But is this duality even polar at all? After all, we can see the earth and sky as a duality, when actually the sky is almost boundless as compared to the tiny orb of the earth. The sun and moon, one at night one in the day, two discs, matched in size crossing the sky are still seen as a matched symbolical duality even now when we know that the moon is actually a tiny and insignificant speck of frozen and barren rock, while the sun is a huge burning ball of gas; the active source of all life on earth. The stars and the planets, also seen as like two types of celestial dance, are in fact as different as the sun and moon by class. It is easy to assign duality to things, which seem from a particular perspective to be equivalent and in opposition, but are actually of completely different classes.
This, I think, is what we have done with sex. Recall that life was once, both in evolutionary and ontological history, all essentially female. And of course, man or woman, we are all living things, and that livingness is what most importantly puts us on one side of the most essential spiritual duality: spiritus: the breathe of life, by which live, unlike stones or minerals. We are not inert clumps of molecules, but self-reproducing beings; what duty falls to a stone, what to a being? It would make sense to place all living things firmly on the side of the yin: the female, the creative and nurturing side of the dichotomy, but then what of our masculinity? Haven’t we, hoping to deny our dronehood, constructed the yin and yang to create the illusion of an equivalent and balanced dichotomy between the male and the female? Unfortunately, this leads us to then assign the various parts of our psyche to one or the other poles of this false masculine/feminine dichotomy. Following the same urge, we have also used Mars and Venus, the gods of War and Love, to represent a gender duality, and on all these axes we have linked not only the abstractions of creation or destruction, but our own urges such as peaceful or aggressive, accepting or defiant, gentle or coarse, to our gender identities. This is a horrible fiction. All of us, male or female, are pulled toward both love and hate, aggression and conciliation; all are driven to reproduce, to be creative, and yearn for and love our children. But the duality game, once started, must give masculinity the worst of it. All the dark and dangerous ideas, those that are most counter to our thriving, are seen as essential to the masculine and are piled as expectations and assumptions onto we male beings. All of those urges and impulses for acceptance, peace and nurturance that are most positive and important to our very survival and thriving are deemed feminine and unmanly. Sure we can find some positive traits like bravery, perseverance, and stoicism in that suite of maleness, and while these may sometimes come more easily to most men, they are certainly not the sole province of manhood. So this fallacy condemns we men to foster and revere these darkest parts of our psyche as the more essential parts of our identity, condemning we men who are less naturally inclined to them, such as myself, to a subculture defined by the cruelty and destruction we find abhorrent.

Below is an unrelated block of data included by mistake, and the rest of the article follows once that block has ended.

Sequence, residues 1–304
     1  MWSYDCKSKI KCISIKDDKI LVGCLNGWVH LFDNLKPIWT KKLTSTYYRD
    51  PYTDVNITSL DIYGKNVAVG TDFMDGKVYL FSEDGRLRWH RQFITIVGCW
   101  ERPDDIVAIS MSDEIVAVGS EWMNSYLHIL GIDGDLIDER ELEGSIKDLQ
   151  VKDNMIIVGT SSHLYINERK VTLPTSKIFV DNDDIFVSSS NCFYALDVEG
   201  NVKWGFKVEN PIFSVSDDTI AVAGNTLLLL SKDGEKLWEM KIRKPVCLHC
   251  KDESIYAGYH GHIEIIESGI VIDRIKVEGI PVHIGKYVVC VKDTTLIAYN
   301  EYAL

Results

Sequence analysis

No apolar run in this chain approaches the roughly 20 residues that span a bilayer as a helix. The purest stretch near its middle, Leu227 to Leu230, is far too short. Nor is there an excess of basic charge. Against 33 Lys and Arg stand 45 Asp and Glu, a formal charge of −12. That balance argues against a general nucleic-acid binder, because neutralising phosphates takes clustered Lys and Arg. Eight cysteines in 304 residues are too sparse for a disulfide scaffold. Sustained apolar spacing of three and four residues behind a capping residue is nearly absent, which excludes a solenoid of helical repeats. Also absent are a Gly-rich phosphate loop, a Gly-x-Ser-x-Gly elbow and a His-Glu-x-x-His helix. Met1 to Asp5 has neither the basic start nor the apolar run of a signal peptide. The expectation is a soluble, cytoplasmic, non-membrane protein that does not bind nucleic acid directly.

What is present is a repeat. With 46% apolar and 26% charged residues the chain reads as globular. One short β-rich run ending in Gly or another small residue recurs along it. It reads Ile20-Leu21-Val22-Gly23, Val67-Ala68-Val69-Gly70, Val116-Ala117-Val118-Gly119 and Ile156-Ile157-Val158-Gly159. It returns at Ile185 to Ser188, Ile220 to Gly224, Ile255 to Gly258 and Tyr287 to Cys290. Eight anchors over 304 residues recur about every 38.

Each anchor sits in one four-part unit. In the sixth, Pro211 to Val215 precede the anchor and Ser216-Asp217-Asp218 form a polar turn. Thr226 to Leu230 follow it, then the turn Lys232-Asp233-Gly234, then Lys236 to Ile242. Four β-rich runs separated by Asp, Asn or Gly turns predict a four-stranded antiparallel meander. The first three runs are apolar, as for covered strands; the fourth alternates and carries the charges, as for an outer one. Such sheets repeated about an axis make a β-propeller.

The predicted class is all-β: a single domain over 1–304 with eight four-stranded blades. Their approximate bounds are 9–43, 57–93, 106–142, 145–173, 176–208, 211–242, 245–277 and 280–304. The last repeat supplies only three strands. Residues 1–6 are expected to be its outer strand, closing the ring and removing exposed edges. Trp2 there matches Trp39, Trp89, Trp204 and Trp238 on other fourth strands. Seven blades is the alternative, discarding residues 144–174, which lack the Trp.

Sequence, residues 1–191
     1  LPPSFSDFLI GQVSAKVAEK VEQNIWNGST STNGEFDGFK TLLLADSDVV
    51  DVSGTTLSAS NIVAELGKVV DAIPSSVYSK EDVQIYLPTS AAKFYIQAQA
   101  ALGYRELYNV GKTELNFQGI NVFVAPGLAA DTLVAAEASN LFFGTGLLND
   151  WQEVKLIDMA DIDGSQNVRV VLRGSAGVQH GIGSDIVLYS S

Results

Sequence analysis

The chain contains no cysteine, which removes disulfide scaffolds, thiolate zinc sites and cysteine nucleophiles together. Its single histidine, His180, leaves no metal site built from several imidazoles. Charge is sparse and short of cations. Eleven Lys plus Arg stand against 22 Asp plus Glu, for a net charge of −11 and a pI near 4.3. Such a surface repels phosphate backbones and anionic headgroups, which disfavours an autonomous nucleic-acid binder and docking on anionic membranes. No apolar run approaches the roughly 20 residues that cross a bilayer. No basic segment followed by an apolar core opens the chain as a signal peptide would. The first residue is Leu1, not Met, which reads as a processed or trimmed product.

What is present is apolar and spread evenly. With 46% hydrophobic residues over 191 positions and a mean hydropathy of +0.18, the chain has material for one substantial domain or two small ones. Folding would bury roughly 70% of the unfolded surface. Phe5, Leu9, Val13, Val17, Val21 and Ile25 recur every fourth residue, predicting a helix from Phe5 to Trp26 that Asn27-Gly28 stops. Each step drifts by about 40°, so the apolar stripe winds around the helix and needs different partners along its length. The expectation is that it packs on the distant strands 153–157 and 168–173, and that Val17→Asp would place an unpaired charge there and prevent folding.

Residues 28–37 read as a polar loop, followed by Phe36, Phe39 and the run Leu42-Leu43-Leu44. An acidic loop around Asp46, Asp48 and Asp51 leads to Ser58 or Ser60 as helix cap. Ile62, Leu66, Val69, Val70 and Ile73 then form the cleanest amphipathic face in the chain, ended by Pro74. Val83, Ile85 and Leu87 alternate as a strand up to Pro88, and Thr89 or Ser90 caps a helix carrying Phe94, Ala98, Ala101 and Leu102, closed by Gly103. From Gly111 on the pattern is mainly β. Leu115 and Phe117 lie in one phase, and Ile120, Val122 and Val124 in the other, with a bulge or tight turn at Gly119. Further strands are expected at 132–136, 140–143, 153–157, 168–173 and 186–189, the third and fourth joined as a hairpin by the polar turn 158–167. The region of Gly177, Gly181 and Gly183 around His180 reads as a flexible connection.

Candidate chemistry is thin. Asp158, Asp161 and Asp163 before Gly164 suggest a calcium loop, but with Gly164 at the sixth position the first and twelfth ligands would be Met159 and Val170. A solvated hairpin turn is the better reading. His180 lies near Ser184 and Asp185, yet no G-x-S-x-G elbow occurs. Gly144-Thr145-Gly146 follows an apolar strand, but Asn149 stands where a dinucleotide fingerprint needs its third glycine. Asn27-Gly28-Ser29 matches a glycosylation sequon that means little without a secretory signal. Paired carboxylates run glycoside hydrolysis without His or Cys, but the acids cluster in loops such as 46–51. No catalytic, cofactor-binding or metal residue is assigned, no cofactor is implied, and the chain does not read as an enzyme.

I felt that early separation from the essential community of mothers and children with its realization of my attenuated dronehood, as a profound spiritual wound. Of course the feminine suffered a similar wound of separation from its primal parthenogenesis as well. Females are doomed to require the assistance of a male to compete the process of reproduction, which is of course what gives sex its power to both sexes. But it is a small loss to an actual woman, who remains whole, and except for this one small caveat of a requirement for coitus (an act blessed by evolution with no small amount of charm), retains her somatic connection to the great force of life. For the male, it is not just the addition of a pleasurable burden, but the loss of all the other physical aspects of reproduction. Indeed, reproduction is so essential to the process of evolution, that what is retained in women and lost in men is vastly more than just the uterus and mammary glands, but an array of complexity only hinted at by a woman’s intuition, slower metabolism or multiple orgasms.
I suspect few men will recall as I do their early childhood and this painful estrangement from the essence of humanity. Most men may not share my peculiar memory and analysis of this, but I suspect that they all share the psychic wound, even if not overtly or consciously. It is no wonder than so much spiritual and political thought in these last few millennia has been tainted by misogyny and male dominance, littered with dogma that elevates the masculine in an effort to heal that wound and reinstate our lost place at the center of the essence of life. I suspect all males know, in their heart of hearts, that they are, like those poor dying elephant seals on Ano Nuevo, a paradoxical waste.
It would be many decades until finally, as a father, I would understand that once a baby was delivered, I could, as a man, take on most of the role of mother. While I was unsuccessful in breast feeding my first son, parenting is still the most gratifying job I have ever had, and one that I find again, now as the primary caretaker of my tiny granddaughter, to be the most profound and important work: women’s work, that I have ever done.
March 7, 2017 § Leave a comment
Sam put her hand on her mom’s belly and smiled.
“Pretty soon?” she asked.
“I sure hope so!” her mother replied as she shifted and grunted.
“What are we going to name it, Momma?” asked Pat, snugglecuddling up under his mom’s arm.
“Well, I don’t know, I think once I see it, I’ll know. It may be a Heather, or a Petra; a Chuck or a Kevin.”
“I hope it’s a boy!” said Pat.